Checkerboard CichlidOnce you fill the tank, check out your pH and hardness. You should aim to maintain a stable pH of 6.5 for wild fish and 7.0-7.4 for captive bred fish, with a low general hardness. The driftwood and Amazon Extract or a similar additive will help to keep the water soft. These little guys like the water warm and stable at about 80 to 82 degrees, so you’ll need a fully submersible heater for the tank.  For a 15 gallon, one in the 75 watt range with a external thermometer should do the trick. Lighting should be chosen with the plants in mind more than the fish. A small power filter pushing 75 to 100 gallons an hour should keep the environment healthy, as long as you don’t overcrowd. Stay on top of weekly water changes, about 10 percent each week. Diet for these fish can consist of any foods from flakes to frozen to live foods, like blackworms and bloodworms. I would add 4 to 5 small 1 inch fish to the tank to try to get a pair, moving the rest once a male and female pair up. Then I would add 5 rummy nose tetras and 5 neons or cardinal tetras to keep the middle of the tank active since the cichlids spend most of their time on the bottom.

I hope this was an enjoyable read for people and I hope I piqued someone’s interest in these little gems from South America. Let me know if you have any questions or if you’d like to share your own ideas for a South American set-up.

Until next time,

Jose

Peacock bass image referenced from wikipedia

3 comments

  1. avatar

    Hallo Jose

    Good to see you back!
    As I am keeping Tanganyica cichlids as well as piranha, I have following question:
    Our dams are little polluted but I got the idea to catch some fish, freeze the meat and then use it for feeding my fish. The question is are parasites and bacteria actually killed when the meat is frozen?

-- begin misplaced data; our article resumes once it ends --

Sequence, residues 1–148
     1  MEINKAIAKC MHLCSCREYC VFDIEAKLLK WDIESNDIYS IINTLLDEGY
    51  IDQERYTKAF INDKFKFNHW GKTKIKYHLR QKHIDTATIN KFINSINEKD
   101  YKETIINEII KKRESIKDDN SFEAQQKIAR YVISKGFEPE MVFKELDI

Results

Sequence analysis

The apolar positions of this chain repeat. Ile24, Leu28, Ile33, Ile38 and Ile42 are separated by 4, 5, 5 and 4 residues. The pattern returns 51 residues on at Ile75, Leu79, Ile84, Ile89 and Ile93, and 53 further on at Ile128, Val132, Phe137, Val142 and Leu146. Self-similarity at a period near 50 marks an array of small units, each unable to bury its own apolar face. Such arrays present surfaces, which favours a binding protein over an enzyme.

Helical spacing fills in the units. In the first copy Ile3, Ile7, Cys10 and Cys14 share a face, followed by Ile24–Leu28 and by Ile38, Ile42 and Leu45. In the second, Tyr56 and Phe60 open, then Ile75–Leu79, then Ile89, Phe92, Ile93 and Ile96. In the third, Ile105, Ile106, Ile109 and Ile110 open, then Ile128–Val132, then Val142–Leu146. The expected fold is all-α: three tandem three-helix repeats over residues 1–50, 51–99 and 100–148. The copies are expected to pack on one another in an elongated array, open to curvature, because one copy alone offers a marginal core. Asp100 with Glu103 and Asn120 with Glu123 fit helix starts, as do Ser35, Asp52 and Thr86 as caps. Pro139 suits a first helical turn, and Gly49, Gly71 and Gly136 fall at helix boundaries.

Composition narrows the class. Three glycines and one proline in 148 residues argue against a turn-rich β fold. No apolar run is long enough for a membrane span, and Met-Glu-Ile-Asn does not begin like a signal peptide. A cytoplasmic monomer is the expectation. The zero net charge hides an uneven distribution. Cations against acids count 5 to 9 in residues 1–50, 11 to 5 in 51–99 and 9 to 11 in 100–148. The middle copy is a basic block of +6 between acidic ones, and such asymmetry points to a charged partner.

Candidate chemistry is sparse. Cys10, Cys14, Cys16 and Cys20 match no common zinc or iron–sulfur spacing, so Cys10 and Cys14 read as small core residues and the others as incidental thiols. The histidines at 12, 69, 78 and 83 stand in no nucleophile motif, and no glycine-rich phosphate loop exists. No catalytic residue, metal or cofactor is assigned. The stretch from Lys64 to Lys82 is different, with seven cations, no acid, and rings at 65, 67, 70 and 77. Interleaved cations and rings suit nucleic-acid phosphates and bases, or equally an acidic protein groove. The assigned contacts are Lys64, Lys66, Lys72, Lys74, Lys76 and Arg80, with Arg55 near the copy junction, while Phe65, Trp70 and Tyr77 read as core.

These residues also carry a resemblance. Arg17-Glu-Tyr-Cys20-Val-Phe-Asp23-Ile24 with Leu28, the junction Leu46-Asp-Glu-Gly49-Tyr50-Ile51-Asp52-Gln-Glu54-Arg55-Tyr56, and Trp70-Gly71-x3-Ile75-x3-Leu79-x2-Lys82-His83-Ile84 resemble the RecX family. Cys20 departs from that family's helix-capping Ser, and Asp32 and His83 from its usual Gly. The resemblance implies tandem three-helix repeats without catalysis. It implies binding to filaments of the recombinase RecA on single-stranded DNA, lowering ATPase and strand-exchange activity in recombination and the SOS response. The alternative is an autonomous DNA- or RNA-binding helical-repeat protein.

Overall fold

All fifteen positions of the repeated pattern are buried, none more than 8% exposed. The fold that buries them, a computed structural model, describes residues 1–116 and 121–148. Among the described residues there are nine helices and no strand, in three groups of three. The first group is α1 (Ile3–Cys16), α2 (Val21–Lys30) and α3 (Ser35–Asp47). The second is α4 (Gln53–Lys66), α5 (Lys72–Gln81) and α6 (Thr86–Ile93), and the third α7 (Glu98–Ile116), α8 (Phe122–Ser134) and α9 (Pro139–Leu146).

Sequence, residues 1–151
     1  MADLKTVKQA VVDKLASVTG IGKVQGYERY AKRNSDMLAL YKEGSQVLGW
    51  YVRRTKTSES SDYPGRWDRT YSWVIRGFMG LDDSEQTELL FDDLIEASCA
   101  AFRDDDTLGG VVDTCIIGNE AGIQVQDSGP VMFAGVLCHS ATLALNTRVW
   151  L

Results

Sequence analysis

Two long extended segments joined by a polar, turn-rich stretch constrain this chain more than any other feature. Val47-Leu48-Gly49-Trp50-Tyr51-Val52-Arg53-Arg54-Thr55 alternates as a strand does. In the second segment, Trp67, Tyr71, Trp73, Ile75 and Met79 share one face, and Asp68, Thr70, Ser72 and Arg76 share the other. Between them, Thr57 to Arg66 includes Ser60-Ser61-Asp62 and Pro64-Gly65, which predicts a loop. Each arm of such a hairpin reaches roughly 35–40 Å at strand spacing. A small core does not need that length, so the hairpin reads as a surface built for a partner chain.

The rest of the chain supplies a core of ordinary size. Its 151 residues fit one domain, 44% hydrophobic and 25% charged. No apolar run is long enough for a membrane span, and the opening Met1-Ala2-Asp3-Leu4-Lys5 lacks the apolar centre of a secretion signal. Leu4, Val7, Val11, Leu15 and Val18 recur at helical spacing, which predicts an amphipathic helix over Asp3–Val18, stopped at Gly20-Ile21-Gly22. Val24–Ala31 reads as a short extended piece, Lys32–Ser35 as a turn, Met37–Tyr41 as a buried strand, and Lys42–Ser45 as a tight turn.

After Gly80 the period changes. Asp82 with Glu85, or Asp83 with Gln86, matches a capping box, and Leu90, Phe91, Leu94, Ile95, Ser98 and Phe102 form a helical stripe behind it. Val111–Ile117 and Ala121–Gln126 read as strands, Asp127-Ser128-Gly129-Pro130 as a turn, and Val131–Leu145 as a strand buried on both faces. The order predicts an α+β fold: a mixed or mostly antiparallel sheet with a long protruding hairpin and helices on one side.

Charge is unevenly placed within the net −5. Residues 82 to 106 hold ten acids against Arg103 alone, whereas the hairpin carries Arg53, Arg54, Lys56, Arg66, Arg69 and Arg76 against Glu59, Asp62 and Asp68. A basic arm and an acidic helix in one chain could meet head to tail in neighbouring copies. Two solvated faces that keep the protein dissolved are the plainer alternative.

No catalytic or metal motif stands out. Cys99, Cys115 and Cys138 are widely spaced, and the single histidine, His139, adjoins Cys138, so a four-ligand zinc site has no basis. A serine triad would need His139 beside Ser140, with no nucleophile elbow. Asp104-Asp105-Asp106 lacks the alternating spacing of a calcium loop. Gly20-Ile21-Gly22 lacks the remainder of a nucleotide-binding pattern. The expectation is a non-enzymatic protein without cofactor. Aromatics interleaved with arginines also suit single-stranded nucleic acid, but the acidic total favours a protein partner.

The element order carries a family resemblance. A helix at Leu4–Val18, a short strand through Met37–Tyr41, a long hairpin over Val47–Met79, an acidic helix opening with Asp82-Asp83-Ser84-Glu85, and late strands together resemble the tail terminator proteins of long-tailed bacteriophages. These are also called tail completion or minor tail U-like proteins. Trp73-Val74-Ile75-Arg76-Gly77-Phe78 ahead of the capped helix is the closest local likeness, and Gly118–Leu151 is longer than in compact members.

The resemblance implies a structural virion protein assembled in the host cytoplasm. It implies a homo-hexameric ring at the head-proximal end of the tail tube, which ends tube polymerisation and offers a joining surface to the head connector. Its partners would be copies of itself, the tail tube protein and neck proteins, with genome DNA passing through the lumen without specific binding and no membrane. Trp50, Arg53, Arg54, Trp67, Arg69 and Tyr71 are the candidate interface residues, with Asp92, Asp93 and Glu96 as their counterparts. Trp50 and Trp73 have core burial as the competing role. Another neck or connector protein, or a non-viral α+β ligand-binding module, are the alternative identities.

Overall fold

Thanxzzz for your so passionate topics which ad quite a bit new inspiration to my aquarium hobby!

  2. avatar

    Hey gert its nice to hear that blogs can inspire, as for your question about freezing most parasites and bacteria should die off but what would worry me more would be any toxins that have soaked into the flesh, there would be a good chance that the piranha would then be infected. hope this helped Jose

  3. avatar

    Thanxzzz Jose

    It did help! I am always trying to use as much as possible natural resources but thinking of the afford I would have to make to test for various toxins…hmmmm?! I think it then to be easier to buy the meat from the shops!
    But, at least you have answered me well! Thanxzzz again
    Gert

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About Jose Mendes

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That Fish Place’s resident “Cichlid Pro.” In addition to working at TFP for 13 years, Jose’s been breeding Cichlids for over 14 years and has produced over 200 different species. Jose is the man to question for everything cichlid. Check out Jose’s work in the article: Keeping and Breeding African Cichlids in Small Aquariums, and his many other contributions on cichlid husbandry, behavior, and his personal experiences with keeping cichlids from across the globe.